If you are asked to post bail for someone and do not have enough money to cover the bail, then you may have to contact a bail bondsman. However, you may be wondering how you are going to pay the bail bondsman back once the bail has been posted. To understand this, you will need to know how the bonds system works and when you could be afforded a refund.
When you need to post bail, but do not have sufficient funds, then you will contact a bail bondsman. The bondsman will post the full amount of bail through a bond to the court that the person is being held in. You will be charged a premium for this service, and this will be around 10% of the bail amount. The payment of this dividend will be negotiated with the bondsman as you would be able to pay it upfront or in installments depending on the size of the bonus.
What Are The Costs Of Using A Bondsman
The premium that a bail bondsman can charge you will be based on the regulations and limitations in your state and area. Most states have a limit of 10% on the amount that a bondsman can charge for the service. However, some bondsmen are legally allowed to charge less and will work with an 8% fee. The premium will depend on the bondsman and the regulations in the area.
Do You Get Your Money Back Once The Case Is Over
If the person you have bailed out has made all of their appearances in court, then the bail amount will be returned to the bondsman. However, the 10% premium that you have paid will not be returned as this is a non-refundable amount given for services rendered. If the person was released on bail, then the bondsman has upheld their side of the service agreement and is entitled to keep the premium.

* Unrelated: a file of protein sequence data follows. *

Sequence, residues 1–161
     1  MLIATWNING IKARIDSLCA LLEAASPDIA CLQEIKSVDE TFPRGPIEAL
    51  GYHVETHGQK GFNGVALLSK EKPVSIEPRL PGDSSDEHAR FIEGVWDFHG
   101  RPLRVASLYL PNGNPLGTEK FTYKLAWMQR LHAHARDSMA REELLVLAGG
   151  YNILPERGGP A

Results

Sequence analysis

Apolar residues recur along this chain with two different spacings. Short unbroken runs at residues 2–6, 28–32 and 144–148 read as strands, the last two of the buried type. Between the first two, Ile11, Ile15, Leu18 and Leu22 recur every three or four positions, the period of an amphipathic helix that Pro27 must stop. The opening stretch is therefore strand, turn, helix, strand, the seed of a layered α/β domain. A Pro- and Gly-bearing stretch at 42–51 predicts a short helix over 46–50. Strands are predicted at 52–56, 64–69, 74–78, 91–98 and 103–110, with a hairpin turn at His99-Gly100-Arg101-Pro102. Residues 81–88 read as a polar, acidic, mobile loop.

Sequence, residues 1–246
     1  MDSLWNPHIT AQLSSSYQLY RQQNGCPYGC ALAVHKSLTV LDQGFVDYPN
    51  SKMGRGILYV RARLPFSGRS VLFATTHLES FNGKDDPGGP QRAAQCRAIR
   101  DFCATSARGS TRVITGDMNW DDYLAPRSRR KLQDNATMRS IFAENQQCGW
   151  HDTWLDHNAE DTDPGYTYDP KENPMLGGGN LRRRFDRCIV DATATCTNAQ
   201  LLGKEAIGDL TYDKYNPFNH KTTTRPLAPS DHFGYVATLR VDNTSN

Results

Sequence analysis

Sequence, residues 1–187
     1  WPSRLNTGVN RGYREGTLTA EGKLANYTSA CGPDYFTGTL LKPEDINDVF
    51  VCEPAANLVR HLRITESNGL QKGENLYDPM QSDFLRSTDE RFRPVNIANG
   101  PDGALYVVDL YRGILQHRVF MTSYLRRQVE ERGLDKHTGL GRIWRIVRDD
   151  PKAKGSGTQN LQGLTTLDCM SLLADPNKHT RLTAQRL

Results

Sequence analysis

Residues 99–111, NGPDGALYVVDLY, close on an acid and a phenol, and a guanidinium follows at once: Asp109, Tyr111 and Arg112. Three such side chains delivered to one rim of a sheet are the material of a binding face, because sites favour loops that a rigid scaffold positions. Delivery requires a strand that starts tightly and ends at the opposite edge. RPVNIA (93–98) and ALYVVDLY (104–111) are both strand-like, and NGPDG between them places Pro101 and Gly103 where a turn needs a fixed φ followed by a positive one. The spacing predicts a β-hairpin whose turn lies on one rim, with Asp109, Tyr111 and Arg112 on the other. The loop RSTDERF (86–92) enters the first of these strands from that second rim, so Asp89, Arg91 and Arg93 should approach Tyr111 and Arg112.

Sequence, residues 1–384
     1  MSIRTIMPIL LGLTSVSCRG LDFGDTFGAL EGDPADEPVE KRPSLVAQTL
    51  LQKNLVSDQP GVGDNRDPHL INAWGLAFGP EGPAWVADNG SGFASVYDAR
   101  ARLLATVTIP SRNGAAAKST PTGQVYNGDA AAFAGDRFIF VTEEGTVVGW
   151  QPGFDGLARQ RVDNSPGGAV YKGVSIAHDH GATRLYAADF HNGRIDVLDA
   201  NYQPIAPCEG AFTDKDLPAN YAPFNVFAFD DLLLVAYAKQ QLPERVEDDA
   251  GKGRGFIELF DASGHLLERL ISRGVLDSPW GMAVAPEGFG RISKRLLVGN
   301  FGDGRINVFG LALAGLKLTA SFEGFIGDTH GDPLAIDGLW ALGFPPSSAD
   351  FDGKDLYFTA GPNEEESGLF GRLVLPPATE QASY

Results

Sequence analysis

However, if the bondsman does not meet their side of the service agreement, then you may be eligible for a refund of some kind. Of course, this will depend on why the bondsman has not been able to bail the person out. If you have provided incorrect details to the bondsman, then you will not be entitled to a refund.
The Collateral That Bondsmen Use
Each bail bondsman will have their standards are rules that they work by, but they will look at some form of collateral for a bond. The insurance will be used to cover the bail amount if the person you have insured fails to make all of their court appearances. When this happens, the courts do not return the bail bondsman in Reno, and they will recoup their losses through a seizure of assets in many cases.
The asset collateral that the reno bail bond accepts will vary depending on the company. However, most bondsmen will take real estate, stocks, cars, credit cards, personal credit, bonds, jewelry and bank accounts. If the bail amount is not returned to the bail bondsman, they also have the right to hire a bounty hunter to find the person the bail was provided for before recouping losses through the collateral.
If you have placed insurance on the Reno bail bond, then the bondsman is entitled to seize the asset to cover their costs if the bail is not returned to them. They will then be able to sell the goods to cover the monetary costs that they have. It is also possible to set up a payment plan with the bondsman in many cases, but the collateral will still be held as a stipulation of the repayment.